Zakah (Obligatory Charity)
What is Zakat?
Giving money for charity is highly commendable, and
the sky is the limit, but Zakat is different because
it is obligatory and is given in a calculated amount.
Zakat represents the unbreakable bond between members
of the community, whom prophet Mohammad described to
be "like the organs of the body, if one suffers
then all others rally in response."
One of the most important principles of Islam is that
all things belong to God, and that wealth is therefore
held by human beings in trust. The word zakat means
both 'purification' and 'growth'. Our possessions are
purified by setting aside a proportion for those in
need, and, like the pruning of plants, this cutting
back balances and encourages new growth.
Zakah does not only purifies the property of the contributor
but also purifies his heart from selfishness and greed.
It also purifies the heart of the recipient from envy
and jealousy, from hatred and uneasiness and it fosters
instead good-will and warm wishes for the contributors.
As Muslims pay the Zakat they have the genuine feeling
that it is an investment and not a debit helping to
establish economic balance and social justice in the
In general terms, what remains over and above the meeting
of needs and expenses, and is hoarded for the full span
of one year, is liable to Zakat. Zakat is the right
of the poor in the wealth of the rich and is neither
optional charity nor philanthropy.
Zakah has a deep humanitarian and social-political
value; for example, it frees society from class welfare,
from ill feelings and distrust and from corruption.
Although Islam does not hinder private enterprise or
condemn private possession, it does not tolerate selfish
and greedy capitalism. Islam adopts a moderate but positive
and effective course between individual and society,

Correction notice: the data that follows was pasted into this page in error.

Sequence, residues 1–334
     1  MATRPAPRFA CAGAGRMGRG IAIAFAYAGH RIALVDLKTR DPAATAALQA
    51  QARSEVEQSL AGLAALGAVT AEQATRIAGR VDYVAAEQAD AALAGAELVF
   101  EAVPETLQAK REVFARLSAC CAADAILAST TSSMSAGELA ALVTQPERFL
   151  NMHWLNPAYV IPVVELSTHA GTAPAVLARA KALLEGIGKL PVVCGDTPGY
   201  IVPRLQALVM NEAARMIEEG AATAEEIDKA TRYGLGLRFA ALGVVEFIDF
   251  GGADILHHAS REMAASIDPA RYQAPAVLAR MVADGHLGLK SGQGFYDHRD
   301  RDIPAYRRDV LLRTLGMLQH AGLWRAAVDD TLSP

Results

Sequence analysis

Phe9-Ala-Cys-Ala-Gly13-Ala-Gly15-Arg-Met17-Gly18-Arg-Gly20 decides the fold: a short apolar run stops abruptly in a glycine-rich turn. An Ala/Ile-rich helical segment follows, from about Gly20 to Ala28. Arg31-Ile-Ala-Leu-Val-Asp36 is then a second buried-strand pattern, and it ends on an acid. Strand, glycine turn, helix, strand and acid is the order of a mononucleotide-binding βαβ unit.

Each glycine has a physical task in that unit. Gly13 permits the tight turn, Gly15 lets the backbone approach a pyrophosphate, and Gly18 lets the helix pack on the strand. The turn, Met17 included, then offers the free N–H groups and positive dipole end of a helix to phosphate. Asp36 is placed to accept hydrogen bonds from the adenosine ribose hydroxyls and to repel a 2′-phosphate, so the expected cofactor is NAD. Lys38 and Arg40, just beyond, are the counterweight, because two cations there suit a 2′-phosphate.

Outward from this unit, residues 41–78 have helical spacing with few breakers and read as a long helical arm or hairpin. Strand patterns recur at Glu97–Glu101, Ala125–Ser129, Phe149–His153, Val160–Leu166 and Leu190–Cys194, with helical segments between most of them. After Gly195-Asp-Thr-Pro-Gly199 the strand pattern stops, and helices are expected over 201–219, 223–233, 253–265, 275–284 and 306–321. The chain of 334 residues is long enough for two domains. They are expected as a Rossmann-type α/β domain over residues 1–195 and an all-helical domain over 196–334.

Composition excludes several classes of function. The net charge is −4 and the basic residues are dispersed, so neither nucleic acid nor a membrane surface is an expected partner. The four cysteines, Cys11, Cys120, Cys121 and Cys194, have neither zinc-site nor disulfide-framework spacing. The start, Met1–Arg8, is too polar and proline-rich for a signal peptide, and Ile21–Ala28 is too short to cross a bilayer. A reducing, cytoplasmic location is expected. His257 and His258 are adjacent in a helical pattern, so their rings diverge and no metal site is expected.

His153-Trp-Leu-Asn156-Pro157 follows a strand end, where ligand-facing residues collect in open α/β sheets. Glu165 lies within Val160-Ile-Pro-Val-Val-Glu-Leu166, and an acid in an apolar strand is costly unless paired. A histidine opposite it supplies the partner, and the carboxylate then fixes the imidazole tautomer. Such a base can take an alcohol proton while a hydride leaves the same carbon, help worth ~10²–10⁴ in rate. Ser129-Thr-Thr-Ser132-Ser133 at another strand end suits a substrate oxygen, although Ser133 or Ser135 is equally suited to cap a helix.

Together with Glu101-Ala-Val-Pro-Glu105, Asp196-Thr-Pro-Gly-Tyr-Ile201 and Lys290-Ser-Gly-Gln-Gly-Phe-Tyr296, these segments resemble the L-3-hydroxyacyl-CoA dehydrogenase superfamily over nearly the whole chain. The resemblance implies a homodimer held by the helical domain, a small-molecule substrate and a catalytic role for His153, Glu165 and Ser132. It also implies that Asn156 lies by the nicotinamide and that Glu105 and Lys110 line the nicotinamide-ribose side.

between the citizen and the state, between capitalism
and socialism, between materialism and spiritualism.
How is it Calculated?
Zakah is a proportionately fixed contribution collected
from the surplus wealth and earnings of the Muslim.
Each Muslim calculates his or her own zakat individually.
Zakah is paid on the net balance after paying personal
expenses, family expenses, due credits, taxes, etc.
Every Muslim male or female who at the end of the year
is in possession of the equivalent of 85 grams of gold
(approx. $1400 in 1990) or more in cash or articles
of trade, must give Zakah at the minimum rate of 2.5%.
Taxes paid to government do not substitute for this
religious duty. The contributor should not seek pride
or fame but if disclosing his name and his contribution
is likely to encourage others, it is acceptable to do
Other gains and profits have their respective formulae,
such as proceeds from industry, agriculture and animal
husbandry, real estate, etc. as thoroughly detailed
in specialized references.
Note the obligatory nature of Zakah; it is required.
Muslims can also go above and beyond what they pay as
Zakah, in which case the offering is a strictly voluntary
charity (sadaqa). Sadaqa is given preferably in secret.
Although this word can be translated as 'voluntary charity'
it has a wider meaning. The Prophet said 'even meeting
your brother with a cheerful face is charity'.
The Prophet said: 'Charity is a necessity for every
Muslim'. He was asked: 'What if a person has nothing?'
The Prophet replied: 'He should work with his own hands
for his benefit and then give something out of such
earnings in charity'. The Companions asked: 'What if
he is not able to work?' The Prophet said: 'He should
help poor and needy persons.' The Companions further
asked 'What is he cannot do even that?' The Prophet
said 'He should urge others to do good'. The Companions
said 'What if he lacks that also?' The Prophet said
'He should check himself from doing evil. That is also